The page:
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  • Writer's pictureJoanne Jacobs

To control college costs: Work harder, dump gen-ed, fire DEI staff

College costs keep rising, even as more young people question a degree's value. The James Martin Center for Academic Renewal asked for ideas on how to control college costs.

Work harder, suggests Rick Hess, director of education policy studies at the American Enterprise Institute and author of The Great School Rethink. "Fewer than two-in-three students complete four-year degrees in six years, he writes. "If students worked harder, they’d finish faster" and spend less. "If faculty taught more frequently, we wouldn’t need as many instructors."

British students race at Cambridge's Trinity College in the 1981 movie "Chariots of Fire."

In a survey last winter, 64 percent of four-year college students said they put “a lot of effort” into school, yet less than a third of self-described hard workers devoted even 10 hours a week to studying. "We’ve normalized a college culture where 12 hours of class and another 10 to 12 hours of studying constitute a full week's work," Hess writes.

In Great Britain, Cambridge expects students to spend 42 to 46 hours a week on academics and finish a bachelor's degree in three years, he writes.

At the nation’s most expensive colleges, professors don't work very hard either, Hess writes. They teach just "one or two in the fall and the same in the spring," which "amounts to three or six hours a week of teaching for 24 weeks a year and the occasional office hour, with most time devoted to bureaucratic work, research of uneven provenance, or griping about campus parking."

At community colleges and regional state universities, which cost much less, "faculty routinely teach four courses each semester or more."

Photo: cottonbro studios/Pexels

General education" classes are a waste of students' time and money, argues Phillip W. Magness of the American Institute for Economic Research. "While a case remains for restoring a classical liberal-arts component to the bachelor’s degree, the unfortunate reality is that many course offerings in this area amount to little more than low-rigor ideological activism. In effect, many modern Gen-Ed requirements exist to provide job security for faculty in bloated and hyper-politicized departments with declining enrollment."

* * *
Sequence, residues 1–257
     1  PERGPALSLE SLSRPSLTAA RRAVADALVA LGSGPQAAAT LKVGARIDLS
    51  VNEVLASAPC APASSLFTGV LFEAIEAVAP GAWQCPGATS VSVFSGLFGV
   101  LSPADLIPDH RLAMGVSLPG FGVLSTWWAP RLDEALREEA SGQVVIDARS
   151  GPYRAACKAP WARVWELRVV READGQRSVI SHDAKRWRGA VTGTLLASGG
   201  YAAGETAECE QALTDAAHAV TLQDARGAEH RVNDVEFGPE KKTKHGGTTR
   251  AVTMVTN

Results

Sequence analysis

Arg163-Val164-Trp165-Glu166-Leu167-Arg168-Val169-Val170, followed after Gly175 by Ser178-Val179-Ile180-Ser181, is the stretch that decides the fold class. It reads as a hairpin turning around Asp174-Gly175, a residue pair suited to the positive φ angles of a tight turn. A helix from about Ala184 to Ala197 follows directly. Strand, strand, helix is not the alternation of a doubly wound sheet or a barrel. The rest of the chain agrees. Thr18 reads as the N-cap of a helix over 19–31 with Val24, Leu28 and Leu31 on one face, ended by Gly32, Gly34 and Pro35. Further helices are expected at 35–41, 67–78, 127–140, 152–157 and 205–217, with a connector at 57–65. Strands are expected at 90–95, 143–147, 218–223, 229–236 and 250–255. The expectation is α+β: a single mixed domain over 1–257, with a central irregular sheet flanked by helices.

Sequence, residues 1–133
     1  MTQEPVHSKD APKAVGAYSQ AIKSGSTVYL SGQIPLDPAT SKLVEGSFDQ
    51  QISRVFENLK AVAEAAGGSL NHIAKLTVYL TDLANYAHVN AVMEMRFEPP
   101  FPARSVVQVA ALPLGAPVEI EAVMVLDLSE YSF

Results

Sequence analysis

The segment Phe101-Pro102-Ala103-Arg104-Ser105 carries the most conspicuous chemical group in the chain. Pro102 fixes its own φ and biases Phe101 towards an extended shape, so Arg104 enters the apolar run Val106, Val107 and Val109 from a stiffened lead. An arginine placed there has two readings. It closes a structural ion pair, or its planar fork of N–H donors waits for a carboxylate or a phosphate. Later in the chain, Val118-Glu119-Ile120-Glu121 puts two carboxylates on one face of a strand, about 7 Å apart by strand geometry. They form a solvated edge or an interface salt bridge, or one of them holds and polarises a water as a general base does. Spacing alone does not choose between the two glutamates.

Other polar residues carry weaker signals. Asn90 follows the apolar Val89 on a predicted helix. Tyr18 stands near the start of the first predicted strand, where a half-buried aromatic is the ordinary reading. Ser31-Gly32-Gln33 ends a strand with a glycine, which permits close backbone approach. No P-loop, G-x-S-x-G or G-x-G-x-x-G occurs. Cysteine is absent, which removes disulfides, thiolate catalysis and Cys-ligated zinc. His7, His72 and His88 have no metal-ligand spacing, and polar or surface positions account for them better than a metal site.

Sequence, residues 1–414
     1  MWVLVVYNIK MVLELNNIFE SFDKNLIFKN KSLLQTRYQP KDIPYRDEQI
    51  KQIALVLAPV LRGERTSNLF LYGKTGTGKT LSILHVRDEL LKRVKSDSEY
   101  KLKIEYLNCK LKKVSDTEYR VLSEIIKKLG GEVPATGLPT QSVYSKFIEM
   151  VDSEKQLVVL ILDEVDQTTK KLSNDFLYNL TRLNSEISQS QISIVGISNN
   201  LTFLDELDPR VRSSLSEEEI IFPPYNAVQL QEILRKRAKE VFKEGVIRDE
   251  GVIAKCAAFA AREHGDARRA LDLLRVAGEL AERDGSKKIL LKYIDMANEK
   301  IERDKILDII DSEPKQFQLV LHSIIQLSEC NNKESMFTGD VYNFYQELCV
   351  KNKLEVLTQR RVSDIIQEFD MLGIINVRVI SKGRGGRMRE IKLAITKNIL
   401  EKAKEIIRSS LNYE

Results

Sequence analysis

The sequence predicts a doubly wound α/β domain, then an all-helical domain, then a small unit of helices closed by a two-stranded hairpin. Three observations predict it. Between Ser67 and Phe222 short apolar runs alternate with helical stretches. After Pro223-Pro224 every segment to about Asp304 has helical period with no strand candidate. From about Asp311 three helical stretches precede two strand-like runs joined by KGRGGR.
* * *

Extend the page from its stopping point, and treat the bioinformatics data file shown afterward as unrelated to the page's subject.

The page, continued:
At many European universities, Magness notes, "students choose a major at the outset and finish their degree in three years."

Even as more American students earn Advanced Placement and dual-enrollment credits, they seem to take longer to finish what used to be a four-year degree.

Only one in five high school graduates in the class of '23 was prepared to earn a B or C in entry-level college classes, reports ACT. Scores hit a 32-year low this year. "More than 40 percent of new graduates didn’t meet ACT’s college-readiness benchmarks in any subject, and only 21 percent met benchmarks in all four."

The Martin Center's Part 2 adds more ideas.

Ezra Meyer, a recent George Washington University graduate, calls for end to student debt cancelation. If students think they won't have to pay their loans, they'll have no incentive to be thrifty in their college choices, he writes. Universities will keep jacking up tuition.

"If colleges want to save a few million bucks without cutting vital services, while at the same time preserving their academic integrity, they should eliminate DEI (Diversity, Equity, Inclusion) programs and their accompanying bureaucracies," writes Rob Jenkins, an associate professor of English at Georgia State University-Perimeter College.

Jenna A. Robinson, president of the Martin Center, makes a pitch for performance-based funding to incentivize good management.

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